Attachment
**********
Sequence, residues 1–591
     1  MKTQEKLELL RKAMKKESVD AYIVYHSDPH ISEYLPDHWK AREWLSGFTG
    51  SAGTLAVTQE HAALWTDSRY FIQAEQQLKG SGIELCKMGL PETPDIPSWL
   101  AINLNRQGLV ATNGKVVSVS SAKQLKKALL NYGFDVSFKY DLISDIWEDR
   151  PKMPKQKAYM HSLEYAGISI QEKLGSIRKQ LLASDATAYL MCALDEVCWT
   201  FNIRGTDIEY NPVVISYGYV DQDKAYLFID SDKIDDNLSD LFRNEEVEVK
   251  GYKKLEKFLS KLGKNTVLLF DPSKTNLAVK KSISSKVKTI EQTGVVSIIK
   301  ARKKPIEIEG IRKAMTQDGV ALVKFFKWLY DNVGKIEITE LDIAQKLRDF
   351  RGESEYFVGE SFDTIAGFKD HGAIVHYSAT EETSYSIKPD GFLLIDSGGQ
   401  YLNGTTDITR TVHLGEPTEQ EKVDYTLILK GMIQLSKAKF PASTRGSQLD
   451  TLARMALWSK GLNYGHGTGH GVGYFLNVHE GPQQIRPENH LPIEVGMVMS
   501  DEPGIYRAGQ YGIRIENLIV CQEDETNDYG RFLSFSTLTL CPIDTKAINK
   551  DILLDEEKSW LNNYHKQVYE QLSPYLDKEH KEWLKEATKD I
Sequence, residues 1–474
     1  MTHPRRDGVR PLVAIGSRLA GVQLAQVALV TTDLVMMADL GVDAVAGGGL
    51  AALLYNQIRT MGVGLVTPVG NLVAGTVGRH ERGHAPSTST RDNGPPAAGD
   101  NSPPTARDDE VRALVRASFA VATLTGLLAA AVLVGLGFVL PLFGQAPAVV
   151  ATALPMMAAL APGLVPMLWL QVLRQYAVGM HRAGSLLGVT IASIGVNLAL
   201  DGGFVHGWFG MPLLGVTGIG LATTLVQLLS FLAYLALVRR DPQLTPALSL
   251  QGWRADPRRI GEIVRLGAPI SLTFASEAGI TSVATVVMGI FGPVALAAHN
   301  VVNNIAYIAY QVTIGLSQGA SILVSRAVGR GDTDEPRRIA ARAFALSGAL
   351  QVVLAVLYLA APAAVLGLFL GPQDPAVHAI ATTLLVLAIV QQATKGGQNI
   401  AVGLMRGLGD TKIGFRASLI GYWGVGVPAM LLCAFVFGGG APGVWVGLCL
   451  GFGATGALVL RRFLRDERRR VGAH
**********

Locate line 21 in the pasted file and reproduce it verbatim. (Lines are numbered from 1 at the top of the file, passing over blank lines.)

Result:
   301  VVNNIAYIAY QVTIGLSQGA SILVSRAVGR GDTDEPRRIA ARAFALSGAL